In Fig. 6, we show how downstream isotropisation methods affect our Monte Carlo simulations. We show that at small (large) shocknormal angles, the assumption of instant downstream isotropy results in a higher (lower) injection probability than the one actually needed to allow the population to achieve isotropy through downstream scattering. This occurs because with velocities v′ > u_{2}, the average parallel velocity in the downstream plasma frame for transmitted particles is negative (positive) at small (large) shocknormal angles. Additionally, the thermal population exclusion is seen to be activated at smaller shocknormal angles if isotropisation takes place through simulated scatterings. For example, at V_{s} = 1500 km s^{1} and θ_{Bn} = 10°, accounting for downstream scattering decreases the returning flux of transmitted particles by well over three orders of magnitude. At V_{s} = 2000 km s^{1} and θ_{Bn} = 10°, the decrease is approximately two orders of magnitude. At parallel (θ_{Bn} = 0°) shocks, the returning flux was found to decrease by 33% (V_{s} = 1500 km s^{1}) or by 35% (V_{s} = 2000 km s^{1}) compared with the values found by assuming instant downstream isotropy.
Thus, it is evident that the effects of transmitted population anisotropy cannot be ignored when gauging the injection efficiency at a propagating coronal shock.
8.3. Crossfield diffusion
In Fig. 7, we show comparisons between the simulation sets 2...4, which shows that accounting for the downstream crossfield diffusion affects the injection efficiency. At very low values of θ_{Bn}, the crossfield diffusion in the downstream, acting as if it were boosting the isotropisation speed, increases the injection efficiency, but by a small margin. As the downstream shocknormal angle θ_{Bn,2} increases, downstream crossfield diffusion begins to play a larger role, and the choice of boundary conditions at the shock becomes very important. Allowing downstream crossfield diffusion to take place, but preventing jumps of particles with μ_{2} > 0 to the upstream, acts like rapid isotropisation, and the injection efficiency approaches the ℬ = 0 case. However, allowing downstream crossfield diffusion to inject particles with μ_{2} > 0 increases the injection by a factor of up to ~50%. At large shocknormal angles reflection remains the dominant injection mechanism.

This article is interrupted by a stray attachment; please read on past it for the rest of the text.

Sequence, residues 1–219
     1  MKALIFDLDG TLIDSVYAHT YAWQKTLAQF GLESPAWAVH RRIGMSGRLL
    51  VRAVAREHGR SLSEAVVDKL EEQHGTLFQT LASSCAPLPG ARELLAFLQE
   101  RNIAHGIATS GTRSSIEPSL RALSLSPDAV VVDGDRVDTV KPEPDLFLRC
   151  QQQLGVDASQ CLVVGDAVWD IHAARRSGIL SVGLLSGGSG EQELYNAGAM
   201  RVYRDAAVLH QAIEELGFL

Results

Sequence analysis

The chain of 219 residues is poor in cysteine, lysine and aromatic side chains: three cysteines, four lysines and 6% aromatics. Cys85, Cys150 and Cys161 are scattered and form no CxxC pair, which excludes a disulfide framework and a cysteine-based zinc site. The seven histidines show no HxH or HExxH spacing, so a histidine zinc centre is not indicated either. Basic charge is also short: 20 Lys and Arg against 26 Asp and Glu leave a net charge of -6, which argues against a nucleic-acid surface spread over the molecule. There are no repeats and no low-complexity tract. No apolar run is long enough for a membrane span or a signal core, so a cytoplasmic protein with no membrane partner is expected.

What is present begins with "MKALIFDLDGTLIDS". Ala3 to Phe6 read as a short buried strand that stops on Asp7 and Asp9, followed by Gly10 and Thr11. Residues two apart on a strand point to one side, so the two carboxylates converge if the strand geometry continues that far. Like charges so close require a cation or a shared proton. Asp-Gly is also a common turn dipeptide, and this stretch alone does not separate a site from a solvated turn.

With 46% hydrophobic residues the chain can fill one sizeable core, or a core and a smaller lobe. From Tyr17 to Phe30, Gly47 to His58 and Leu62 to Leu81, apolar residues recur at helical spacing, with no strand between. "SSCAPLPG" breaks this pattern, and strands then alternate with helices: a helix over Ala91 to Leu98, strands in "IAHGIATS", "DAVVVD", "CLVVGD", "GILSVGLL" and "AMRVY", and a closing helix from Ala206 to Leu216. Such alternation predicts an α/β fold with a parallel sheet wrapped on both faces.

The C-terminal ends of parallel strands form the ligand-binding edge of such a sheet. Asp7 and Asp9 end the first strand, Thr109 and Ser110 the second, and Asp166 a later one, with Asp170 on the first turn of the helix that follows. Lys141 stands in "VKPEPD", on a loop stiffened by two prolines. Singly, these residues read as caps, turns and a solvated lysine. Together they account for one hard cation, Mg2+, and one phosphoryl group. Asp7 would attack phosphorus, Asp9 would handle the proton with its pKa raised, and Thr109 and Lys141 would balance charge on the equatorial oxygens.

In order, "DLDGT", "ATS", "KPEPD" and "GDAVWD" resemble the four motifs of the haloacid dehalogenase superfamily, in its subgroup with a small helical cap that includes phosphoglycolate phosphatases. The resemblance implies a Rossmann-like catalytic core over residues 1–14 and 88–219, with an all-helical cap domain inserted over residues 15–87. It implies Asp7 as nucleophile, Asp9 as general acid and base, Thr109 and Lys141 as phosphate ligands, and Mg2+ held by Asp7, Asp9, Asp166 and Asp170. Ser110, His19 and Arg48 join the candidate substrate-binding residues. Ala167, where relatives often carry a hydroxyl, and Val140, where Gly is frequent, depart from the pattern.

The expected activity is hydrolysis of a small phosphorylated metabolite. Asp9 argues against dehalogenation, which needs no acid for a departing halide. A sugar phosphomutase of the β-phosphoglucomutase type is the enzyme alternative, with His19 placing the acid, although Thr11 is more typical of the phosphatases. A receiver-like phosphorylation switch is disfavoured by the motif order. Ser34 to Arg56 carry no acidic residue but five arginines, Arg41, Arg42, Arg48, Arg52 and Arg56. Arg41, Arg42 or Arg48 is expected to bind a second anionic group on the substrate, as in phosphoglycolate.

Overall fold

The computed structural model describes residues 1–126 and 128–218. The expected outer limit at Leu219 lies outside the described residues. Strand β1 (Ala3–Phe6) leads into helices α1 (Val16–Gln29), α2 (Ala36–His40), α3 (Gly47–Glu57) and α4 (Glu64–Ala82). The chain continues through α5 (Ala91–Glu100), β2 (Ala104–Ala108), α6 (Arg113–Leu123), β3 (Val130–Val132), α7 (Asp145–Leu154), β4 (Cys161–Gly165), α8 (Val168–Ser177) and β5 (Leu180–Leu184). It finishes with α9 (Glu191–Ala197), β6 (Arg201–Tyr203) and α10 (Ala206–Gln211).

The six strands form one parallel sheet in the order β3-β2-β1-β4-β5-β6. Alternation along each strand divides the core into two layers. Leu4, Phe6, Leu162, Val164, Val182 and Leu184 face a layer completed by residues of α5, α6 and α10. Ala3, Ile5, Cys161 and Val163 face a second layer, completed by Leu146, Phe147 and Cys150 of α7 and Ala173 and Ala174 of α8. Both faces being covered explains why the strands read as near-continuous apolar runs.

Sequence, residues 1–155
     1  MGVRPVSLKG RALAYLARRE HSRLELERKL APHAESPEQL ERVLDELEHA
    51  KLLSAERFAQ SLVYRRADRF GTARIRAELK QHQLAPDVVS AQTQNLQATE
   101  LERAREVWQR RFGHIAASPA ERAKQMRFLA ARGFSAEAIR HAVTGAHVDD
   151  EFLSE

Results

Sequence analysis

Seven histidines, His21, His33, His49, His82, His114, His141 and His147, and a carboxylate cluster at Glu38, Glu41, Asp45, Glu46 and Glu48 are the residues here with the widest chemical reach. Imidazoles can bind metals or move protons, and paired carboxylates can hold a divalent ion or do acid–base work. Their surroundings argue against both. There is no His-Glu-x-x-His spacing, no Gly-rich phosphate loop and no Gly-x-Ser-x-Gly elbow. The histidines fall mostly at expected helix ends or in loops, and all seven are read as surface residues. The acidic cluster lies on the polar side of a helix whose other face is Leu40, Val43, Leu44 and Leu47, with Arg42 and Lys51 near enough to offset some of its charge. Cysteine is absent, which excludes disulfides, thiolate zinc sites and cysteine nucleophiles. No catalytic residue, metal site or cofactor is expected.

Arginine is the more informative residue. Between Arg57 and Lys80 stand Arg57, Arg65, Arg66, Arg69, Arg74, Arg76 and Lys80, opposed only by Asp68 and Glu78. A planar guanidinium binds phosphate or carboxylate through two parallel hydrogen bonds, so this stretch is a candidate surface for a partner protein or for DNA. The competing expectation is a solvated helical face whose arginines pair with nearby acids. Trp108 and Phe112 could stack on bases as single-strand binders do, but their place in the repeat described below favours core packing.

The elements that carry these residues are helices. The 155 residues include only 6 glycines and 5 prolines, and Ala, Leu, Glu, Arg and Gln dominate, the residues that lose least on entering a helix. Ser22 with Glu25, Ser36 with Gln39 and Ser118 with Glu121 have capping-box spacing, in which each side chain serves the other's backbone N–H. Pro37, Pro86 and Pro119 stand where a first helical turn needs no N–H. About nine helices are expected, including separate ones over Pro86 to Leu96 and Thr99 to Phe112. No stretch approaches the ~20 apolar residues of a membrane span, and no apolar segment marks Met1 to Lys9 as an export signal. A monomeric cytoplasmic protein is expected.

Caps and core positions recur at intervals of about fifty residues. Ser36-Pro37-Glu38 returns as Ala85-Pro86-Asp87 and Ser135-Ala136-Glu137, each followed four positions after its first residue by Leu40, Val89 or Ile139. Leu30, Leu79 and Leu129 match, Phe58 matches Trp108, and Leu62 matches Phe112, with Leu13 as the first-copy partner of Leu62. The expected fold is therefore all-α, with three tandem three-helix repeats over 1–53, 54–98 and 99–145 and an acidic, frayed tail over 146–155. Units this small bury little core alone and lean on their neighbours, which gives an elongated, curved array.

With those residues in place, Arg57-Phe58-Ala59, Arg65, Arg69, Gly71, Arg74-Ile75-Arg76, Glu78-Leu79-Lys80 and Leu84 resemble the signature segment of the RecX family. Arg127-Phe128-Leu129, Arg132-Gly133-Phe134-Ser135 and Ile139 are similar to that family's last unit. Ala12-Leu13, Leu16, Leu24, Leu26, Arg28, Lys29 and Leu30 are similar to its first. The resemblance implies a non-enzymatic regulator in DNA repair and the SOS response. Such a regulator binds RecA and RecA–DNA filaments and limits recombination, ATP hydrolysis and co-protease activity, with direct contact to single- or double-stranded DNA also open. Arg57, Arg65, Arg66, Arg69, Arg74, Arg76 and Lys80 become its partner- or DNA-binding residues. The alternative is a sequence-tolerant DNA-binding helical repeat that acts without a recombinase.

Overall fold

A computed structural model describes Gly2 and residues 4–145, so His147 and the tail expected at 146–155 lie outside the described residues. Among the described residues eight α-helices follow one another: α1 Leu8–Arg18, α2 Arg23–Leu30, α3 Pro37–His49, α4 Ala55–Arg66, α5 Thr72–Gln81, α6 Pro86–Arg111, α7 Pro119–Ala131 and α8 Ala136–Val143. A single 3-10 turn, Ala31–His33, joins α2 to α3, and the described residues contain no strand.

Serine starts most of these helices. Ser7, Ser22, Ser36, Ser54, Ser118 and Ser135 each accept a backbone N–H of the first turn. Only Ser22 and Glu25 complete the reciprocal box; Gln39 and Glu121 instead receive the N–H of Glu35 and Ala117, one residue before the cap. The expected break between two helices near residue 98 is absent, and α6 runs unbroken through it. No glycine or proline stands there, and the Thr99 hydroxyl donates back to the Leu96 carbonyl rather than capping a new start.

Fig. 7 Effect of downstream crossfield diffusion strength a_{⊥} = 0.1 on the injection efficiency for V_{s} = 1500 km s^{1}, κ = 2, and different shocknormal angles. Curves (from numerical integration results) and results from simulations without crossfield diffusion (squares) are the same as in Fig. 6. Results for the two types of downstream crossfield diffusion (sets three and four) are shown as triangles and diamonds. 

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Fig. 8 Ratios of total injected particle fluxes with active (F_{CSP}) or inactive (F_{noCSP}) crossshock potential. We show results for semianalytical integration (curves) and Monte Carlo simulations (symbols). Presented shocknormal velocities are V_{s} = 1500 km s^{1} (left) and V_{s} = 2000 km s^{1} (right). Simulations without downstream propagation of particles are designated with ℬ = 0, whereas simulations where particles isotropise through downstream scatterings are designated with ℬ > 0. The flux differences for reflected particles in the Monte Carlo simulations (⋄ , +) are due to statistical uncertainties. For κ = 15, reflected particle fluxes are too low to be visible. 

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8.4. Crossshock potential effect on injection
In the presence of a crossshock electric potential, particles are more likely to be reflected from the shock, and transmitted particles experience a decrease in parallel velocity. Thus, the expectation is for transmitted particles to be less likely to experience injection. Injected particles do, however, receive an additional speed boost when returning to the upstream. Injection efficiency ratios with active or inactive crossshock potential are presented in Fig. 8. Results are shown only when the flux in question is not lower than 10^{6} of the incoming flux. Reflection at small shocknormal angles in the absence of a crossshock potential is very unlikely, which results in the large statistical uncertainty in Monte Carlo simulations.
Both the semianalytical approach and Monte Carlo simulations confirm the increase in reflection probability and decrease in transmitted particle injection probability. As θ_{Bn} increases, and injection of reflected particles is possible only for the nonthermal tail of the κ = 2 population, the effect of the crossshock potential on the injection diminishes. Interestingly, accounting for downstream scattering causes the diminishing of thermal particle injection to occur at significantly smaller shocknormal angles than if assuming instant downstream isotropy. This is because the average parallel velocity in the downstream plasma frame for transmitted particles (with velocities v′ > u_{2}) changes direction.